This is it; the post where we dig it all back up and show you the fruits and flops of our labor for the 2023 growing season. Gardening successes are a joy to photograph and share, but the failures need to be documented as well. That’s how we . . . grow, right?
*We start all our veggies from Baker Creek Heirloom seeds excluding garlic, potatoes, and asparagus which we grow from starts.
This year’s TOP 10:
#10.) TOMATOES and TOMATILLOS
Although less abundant than last year, we still had more tomatoes than we could possibly process by the end of the season. In addition, we grew some absolute beauties in the bunch. Our favorite varieties from this year were: Dr. Wyche’s Yellow and Black Strawberry. As for tomatillos, I’m beginning to wonder, do they ever flop? At the moment of my writing this, I still have a full five-gallon bucket of them in the basement that I doubt I will find a future for.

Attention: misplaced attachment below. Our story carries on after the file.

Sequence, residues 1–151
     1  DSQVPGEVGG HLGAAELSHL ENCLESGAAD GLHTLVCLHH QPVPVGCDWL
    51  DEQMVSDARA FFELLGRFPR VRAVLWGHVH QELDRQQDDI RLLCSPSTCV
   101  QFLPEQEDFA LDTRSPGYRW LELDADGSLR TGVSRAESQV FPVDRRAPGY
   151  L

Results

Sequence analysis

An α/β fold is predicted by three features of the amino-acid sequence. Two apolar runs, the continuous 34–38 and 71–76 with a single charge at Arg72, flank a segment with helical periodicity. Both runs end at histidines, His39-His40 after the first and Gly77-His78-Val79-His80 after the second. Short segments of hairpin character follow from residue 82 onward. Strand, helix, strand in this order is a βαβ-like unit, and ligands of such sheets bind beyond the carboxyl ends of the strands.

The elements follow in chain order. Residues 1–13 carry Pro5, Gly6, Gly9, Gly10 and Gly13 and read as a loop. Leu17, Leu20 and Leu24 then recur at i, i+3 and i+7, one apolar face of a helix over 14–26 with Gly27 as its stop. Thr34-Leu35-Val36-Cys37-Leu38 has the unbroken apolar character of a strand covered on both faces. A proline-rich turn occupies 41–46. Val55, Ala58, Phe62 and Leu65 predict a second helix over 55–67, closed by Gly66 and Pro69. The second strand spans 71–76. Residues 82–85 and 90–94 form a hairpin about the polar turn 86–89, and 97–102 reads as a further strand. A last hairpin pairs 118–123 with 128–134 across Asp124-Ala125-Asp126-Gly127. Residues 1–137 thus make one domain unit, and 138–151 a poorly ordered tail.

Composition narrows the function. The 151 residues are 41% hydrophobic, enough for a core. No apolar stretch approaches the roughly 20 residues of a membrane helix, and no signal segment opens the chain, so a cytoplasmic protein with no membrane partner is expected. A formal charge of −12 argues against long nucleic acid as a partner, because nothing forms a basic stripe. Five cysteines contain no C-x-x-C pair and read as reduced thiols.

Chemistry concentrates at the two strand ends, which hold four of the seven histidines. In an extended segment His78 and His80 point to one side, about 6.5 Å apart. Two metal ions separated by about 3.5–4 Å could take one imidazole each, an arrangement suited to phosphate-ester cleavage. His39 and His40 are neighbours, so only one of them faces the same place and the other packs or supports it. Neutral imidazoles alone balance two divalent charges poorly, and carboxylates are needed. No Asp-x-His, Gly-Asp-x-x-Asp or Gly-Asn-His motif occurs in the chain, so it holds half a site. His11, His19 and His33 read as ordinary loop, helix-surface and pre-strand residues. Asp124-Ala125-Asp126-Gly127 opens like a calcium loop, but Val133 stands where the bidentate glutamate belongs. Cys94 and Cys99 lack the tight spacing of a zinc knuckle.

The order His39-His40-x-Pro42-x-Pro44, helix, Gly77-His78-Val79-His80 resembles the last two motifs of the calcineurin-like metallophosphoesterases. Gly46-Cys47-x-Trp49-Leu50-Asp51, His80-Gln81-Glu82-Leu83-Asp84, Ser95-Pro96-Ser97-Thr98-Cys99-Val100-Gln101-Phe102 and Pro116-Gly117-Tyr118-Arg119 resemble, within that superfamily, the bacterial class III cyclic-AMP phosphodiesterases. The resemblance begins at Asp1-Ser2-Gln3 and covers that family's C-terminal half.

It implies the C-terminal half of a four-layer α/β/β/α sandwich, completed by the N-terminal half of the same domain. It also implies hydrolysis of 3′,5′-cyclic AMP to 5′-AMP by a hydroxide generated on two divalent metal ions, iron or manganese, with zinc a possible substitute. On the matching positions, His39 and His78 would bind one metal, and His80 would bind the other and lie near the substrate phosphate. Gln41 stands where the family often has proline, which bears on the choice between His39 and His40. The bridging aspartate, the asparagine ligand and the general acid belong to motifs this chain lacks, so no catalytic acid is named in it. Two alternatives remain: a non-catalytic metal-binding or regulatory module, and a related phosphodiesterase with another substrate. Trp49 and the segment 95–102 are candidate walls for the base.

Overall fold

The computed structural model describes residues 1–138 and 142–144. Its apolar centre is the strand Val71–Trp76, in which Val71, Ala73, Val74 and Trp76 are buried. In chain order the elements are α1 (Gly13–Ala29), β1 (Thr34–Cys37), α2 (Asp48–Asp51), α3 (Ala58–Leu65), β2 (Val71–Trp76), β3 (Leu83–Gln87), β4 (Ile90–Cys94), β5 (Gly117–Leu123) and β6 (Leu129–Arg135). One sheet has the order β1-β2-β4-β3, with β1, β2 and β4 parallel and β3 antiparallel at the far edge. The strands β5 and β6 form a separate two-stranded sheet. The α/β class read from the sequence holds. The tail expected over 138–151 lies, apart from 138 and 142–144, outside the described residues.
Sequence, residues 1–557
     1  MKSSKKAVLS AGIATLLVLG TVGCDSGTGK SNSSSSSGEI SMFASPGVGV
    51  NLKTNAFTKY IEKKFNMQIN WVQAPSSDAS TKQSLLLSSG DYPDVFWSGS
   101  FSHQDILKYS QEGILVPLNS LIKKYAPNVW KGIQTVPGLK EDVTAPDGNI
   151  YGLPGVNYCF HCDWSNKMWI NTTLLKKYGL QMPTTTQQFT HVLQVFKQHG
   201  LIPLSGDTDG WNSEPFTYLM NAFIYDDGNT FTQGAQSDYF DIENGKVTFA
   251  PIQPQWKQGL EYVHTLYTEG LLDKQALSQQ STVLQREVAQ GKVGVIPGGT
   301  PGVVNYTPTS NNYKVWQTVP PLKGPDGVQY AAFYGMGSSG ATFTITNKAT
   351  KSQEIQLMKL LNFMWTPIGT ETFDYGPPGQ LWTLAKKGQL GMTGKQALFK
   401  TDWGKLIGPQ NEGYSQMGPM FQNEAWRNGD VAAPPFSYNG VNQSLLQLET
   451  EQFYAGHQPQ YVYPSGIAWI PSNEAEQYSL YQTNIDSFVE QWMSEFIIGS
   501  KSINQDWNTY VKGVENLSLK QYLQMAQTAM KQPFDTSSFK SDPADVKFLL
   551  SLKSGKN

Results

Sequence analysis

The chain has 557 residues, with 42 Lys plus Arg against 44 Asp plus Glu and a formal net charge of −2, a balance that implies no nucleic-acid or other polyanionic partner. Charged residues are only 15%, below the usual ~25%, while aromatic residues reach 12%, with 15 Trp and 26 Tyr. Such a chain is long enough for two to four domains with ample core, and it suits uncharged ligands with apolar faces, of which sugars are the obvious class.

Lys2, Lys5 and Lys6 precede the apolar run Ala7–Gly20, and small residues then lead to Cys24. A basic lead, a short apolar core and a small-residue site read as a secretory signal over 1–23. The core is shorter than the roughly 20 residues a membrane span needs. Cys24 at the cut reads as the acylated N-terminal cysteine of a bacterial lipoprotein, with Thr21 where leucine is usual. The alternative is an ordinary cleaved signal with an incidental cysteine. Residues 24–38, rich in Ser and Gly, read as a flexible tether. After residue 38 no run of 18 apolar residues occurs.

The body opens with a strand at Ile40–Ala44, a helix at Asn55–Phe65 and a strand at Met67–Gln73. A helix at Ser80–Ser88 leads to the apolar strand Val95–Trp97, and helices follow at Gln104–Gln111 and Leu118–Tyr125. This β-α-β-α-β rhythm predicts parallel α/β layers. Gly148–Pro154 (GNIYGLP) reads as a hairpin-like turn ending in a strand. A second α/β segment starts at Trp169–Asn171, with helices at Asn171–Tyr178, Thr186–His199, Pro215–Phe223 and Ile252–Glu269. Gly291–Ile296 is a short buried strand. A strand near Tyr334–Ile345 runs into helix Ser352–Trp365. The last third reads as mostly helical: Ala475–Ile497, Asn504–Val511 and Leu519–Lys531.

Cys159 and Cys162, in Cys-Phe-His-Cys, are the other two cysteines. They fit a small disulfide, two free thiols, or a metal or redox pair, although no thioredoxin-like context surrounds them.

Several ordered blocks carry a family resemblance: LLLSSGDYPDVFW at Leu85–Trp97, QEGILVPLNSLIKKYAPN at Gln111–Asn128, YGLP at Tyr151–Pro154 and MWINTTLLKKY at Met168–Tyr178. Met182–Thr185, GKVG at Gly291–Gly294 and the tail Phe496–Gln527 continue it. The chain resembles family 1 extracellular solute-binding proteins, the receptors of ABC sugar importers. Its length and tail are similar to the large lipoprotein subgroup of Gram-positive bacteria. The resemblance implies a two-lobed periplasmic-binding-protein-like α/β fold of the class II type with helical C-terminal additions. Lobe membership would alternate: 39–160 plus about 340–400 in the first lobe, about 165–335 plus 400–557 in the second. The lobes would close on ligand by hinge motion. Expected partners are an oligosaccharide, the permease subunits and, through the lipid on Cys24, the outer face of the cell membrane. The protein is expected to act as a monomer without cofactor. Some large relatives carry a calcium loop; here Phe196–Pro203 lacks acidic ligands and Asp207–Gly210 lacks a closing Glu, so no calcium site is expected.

Our bell peppers this year were somewhat scant but we had an explosion of hot peppers. Our salsa-making needs were more than covered by our hauls of jalapeños, Anaheim’s, and chilis. Oh, and most of them were outrageously purple with a flash of red at the last to make for a spicy display.
Holy basil ‒did we have our pesto and eat it too. I must confess, I went bonkers for basil this summer and planted it in amongst the beds anywhere that had a free spot of dirt showing. I believe I sowed a total of eight seed packets in all with Emily, Genovese, and Dark Purple Opal being our favorite varieties. We were rewarded in garden munchies, salads galore, green and purple pesto, plus bruschetta sandwiches, pasta, and omelets.
#7.) BLAUHIDE BEANS
These dark purple “green beans” are as dependable as they are beautiful. While the other varieties exploded in a sudden and abundant harvest, the Blauhide beans paced themselves and continued in measured generosity for weeks after all the other beans had given up the ghost. What’s more, these beans kept producing even on through very chilly September and October nights. There were purple gems hanging from the trellises until the first snow came.